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steer their employees into it. i wonder about the cost of health care -- it's a high cost not only for individuals, but for companies to provide health care to their employees. host: i was going to ask, what if companies do away with employer-based insurance? guest: i do think that that is going to be part of the debate. and i do not want to say that is a risk, because i think that that is the wrong connotation, but that is a possible outcome of adding a public option, especially when you think of smaller companies that are really struggling to provide insurance coverage to their employees. perhaps they wouldn't provide their employees a subsidy to buy into the public option. so it might shift the dynamic of employer-based health care in
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this country. i am assuming that they would -- that that would be worrisome to the insurance industry, which relies on employer-based coverage for a lot of its income. host: a democratic caller in kansas city. caller: how are you? host: good morning. caller: i am wondering if your guest is aware of the referendum that was passed in missouri about adding additional medicare and medicaid aid for those that are underprivileged, and yet our misery congress has -- our congress has overturned that referendum. i think they passed it and overturned it, and are going to -- the unemployed and welfare people or people who have been
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hit the hardest by this covid pandemic, and they are not going to provide any assistance for those people. and i think, i just think missouri is becoming a fascist state. guest: i am aware. that's an interesting point. when the issue of medicaid expansion goes to the voters, voters tend to favor it. and the public is behind the idea that people deserve health care. as far as the specifics of what's happening in missouri, um, you know, i think frankly that the caller is right, that there will be some people who could have had coverage who will be left in the lurch because of this. host: terry in washington, a
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republican. caller: i have been finding the conversation interesting. i used to work for the health care authority before i retired, and we have actually processed things for aca, but we also have contracts with the health care providers. and what was always amazing to me was actually the providers could leverage the system. they could put a rate for whatever they want, and the state basically had to take it. so when they can leverage that rate, no matter what the aca does, it does not make a difference because providers can do what they want. guest: when uc providers -- you say providers, you mean insurance providers? caller: like kaiser permanente, insurance providers.
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guest: usually we hear that medicare is the 800 pound gorilla, which means when medicare sets a rate for something, the private insurers tend to follow. because medicare is such a big player in the market. it is interesting to hear that it could in fact be the other way around, and when the private insurers are setting a rate, the government has to follow. that's intriguing to me. host: do you have a follow-up? caller: yes, for medicare, they do rule the rates, but we have thousands of people in my state that are not medicare eligible, they are not even medicaid eligible, and that is where the leverage happens. so people who are under that age, they can leverage whatever they want. guest: i see. well, that makes sense.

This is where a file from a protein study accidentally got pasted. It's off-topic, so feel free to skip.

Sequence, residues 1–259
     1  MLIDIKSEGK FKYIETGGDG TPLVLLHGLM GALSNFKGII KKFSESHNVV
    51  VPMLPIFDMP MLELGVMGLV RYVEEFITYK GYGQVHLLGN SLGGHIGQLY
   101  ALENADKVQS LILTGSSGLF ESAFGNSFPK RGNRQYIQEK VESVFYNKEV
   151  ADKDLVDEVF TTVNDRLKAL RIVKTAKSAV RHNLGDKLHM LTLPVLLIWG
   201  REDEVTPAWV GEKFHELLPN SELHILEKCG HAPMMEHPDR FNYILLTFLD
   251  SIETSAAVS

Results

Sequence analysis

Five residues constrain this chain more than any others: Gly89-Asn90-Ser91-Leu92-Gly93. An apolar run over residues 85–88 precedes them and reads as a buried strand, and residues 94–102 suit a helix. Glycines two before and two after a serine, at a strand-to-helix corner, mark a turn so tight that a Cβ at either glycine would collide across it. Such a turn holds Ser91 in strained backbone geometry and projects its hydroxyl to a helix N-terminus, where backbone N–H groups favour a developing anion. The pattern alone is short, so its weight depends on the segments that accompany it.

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host: sheryl gay stolberg is a correspondent for the new york times. follow her on twitter @ sherylnyt. guest: there you go. host: thank you for the conversation. guest: thank you. host: we will continue this conversation about health care and health care costs. we want to hear your individual stories. what are your health care costs? eastern central part of the country, not on pacific, and those enrolled in the affordable care act. before we get to your phone calls, here is president biden discussing how the american relief plan will affect people who get insurance from the affordable care act. [video clip] pres. biden: it makes health care more affordable.
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it means lower premiums. if you enroll in obamacare, you will save an average of $50 a month, $600 a year. for a family of four earning $90,000 a year, that could save $200 a month. for a 60-year-old couple in ohio, earning $75,000 a year, it could save them about $1000 per month. to maintain the same health care. at $12,000 a year -- that's $12,000 a year in your pocket. you may have lost health care because you lost your job, so you pay your contribution and employer's contribution on employer-based health insurance. so, since they have gone out of business or you are no longer there because you had to be laid off, you can stay covered for up to six months until you get back on your feet. the federal government will
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cover both ends of the payment. host: president biden in march. subsidies are expanded today in the affordable care act. it will be applied in 36 states using's website. the premiums will be capped at 8.5% of income, down from 10%, and people will be able to find plans for $10 or less after subsidies. based on a survey, an estimated 46 million cannot afford needed care, one in five adults. in the survey, 18% or 46 million report that if they needed to access quality health care today, they would be unable to pay for it. this is how it breaks down by race and ethnicity. 29% of black adults say they are not able to afford quality care while 20% of hispanics said the